Salal Berry

The pacific northwest salal plant can be upright or ground crawling and grows up to 5 meters in height. Salal growth can be sparse or form a dense barrier almost impossible to penetrate. Salal spreads by suckering layer upon layer and is the most dominant shrub in the BC coastal forest area. The berries are black, reddish-blue, or dark purple and are up to 10 mm around and somewhat hairy to the touch. Read More….




Salmonberries are raspberry-shaped fruit ranging in color from pale yellow to deep orange found across much of the Pacific Northwest. The berries can be slightly bitter to sweet and are often snacked upon by passing hikers. They are usually not found for sale unless at small farm stands and markets, although they make passable jam and preserves if enough can be collected. Read More….



Saskatoon Berry

Saskatoon berries, commonly known as Saskatoon’s, are purplish blueberries that grow on a bush. Other names used to describe this berry are service berries, June Saskatoon berries, and Indian pear. These Berries look similar to blueberries with a slight variation in color and size. The berries are purple-colored, and the size of berries varies due to different growing conditions. Read More….



Thimble berry

Slipping easily off into your hand when ripe, this ruby-red berry is aptly named for its pronounced cup shape. “This is the best tasting and least appreciated berry going. Thimble berries are a little sour, but not too much, which gives them a bit of a kick. Read More….



Trailing Blackberry

This is the only native blackberry species in British Columbia. It is a low, trailing plant with deciduous leaves and white to pink flowers that produce the small blackberry fruits. It is common in disturbed sites and dry, open forests from low to middle elevations throughout the BC  coast. The fruits were eaten fresh. The leaves were used for a medicinal tea for stomach ache and the roots were used for a medicinal tea for diarrhea. Read More….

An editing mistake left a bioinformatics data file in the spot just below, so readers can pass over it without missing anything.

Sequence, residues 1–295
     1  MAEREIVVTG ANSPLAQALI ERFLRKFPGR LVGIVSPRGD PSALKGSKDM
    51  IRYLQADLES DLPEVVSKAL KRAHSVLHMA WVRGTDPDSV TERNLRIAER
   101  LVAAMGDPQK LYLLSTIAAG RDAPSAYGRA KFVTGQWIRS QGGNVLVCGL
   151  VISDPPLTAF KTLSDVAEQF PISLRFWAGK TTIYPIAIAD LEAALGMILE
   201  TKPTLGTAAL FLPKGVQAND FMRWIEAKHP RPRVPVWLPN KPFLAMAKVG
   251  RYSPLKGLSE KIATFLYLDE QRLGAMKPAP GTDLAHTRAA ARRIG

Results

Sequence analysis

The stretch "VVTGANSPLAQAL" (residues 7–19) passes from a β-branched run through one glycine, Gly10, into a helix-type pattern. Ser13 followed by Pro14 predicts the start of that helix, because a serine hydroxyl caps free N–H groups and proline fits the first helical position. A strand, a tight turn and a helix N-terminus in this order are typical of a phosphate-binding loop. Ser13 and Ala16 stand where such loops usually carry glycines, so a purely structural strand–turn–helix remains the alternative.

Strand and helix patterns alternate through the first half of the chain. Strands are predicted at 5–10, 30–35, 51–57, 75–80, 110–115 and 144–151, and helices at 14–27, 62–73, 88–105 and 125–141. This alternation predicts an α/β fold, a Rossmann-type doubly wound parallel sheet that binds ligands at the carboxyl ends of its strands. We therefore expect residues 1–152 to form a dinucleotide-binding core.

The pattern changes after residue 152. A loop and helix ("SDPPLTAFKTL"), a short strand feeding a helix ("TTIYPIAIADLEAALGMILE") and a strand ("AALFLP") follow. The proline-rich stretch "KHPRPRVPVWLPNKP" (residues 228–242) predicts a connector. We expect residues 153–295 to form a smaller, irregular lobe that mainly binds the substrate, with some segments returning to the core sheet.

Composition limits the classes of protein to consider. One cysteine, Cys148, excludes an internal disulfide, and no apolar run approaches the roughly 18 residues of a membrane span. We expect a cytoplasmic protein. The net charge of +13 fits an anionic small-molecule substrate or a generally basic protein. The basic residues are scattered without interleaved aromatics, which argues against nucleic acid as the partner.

Wild Strawberry

Wild strawberries are a common creeping plant that grows in forests, fields, lawns, forest edges, roadsides, and streamsides. It can grow up to 15 cm tall, and its leaves are split into three leaflets. Creeping plants, like strawberries, have runners. Runners are stems that grow sideways on the surface of the soil. As the runners grow, they send up new strawberry plants. Read More….



Woodland Strawberry

The Woodland Strawberries are a low perennial with scaly rhizome and long, slender trailing stolons, leaf stalks, and flower stems are a greenish or very lightly tinged reddish-purple color and lightly to densely hairy. The Leaves are basal; compound with 3 leaflets; each leaflet ovate with straight, prominent veins and no individual leafstalks, somewhat pointed at the tip; margins appearing roughly toothed with the terminal tooth protruding past the two adjacent lateral teeth. Read More….


Vancouver Island is fortunate to have a variety of wild fruit-producing plants, vines, and shrubs. Some are native to the Island and some are invasive plants. By learning to identify the edible berries, you can enjoy real healthy food for free and as most native wild fruits are high in antioxidants, vitamins, and other nutrients, you can get real benefits from the berries, like blackberries, salmonberries, thimble berries, huckleberries, blueberries, and wild strawberries. On Vancouver Island, you can find most of these berries easily and close by.

Some of these berry plants have a wide distribution and may be found not just on Vancouver Island, but in many areas of North America. No matter where you live, you can find species of delicious berries for your enjoyment. If you would like to enjoy growing carefree native fruit-bearing plants, there are sources for obtaining them inexpensively or you can collect some plants yourself, but please only take a few and from areas that have many plants so you do not disrupt their ability to feed the birds and animals. Planting native berries will also attract native birds and animals to your yard.

Red Huckleberry, Vancouver Island, BC
Red Huckleberry, Vancouver Island, BC, photo by Bud Logan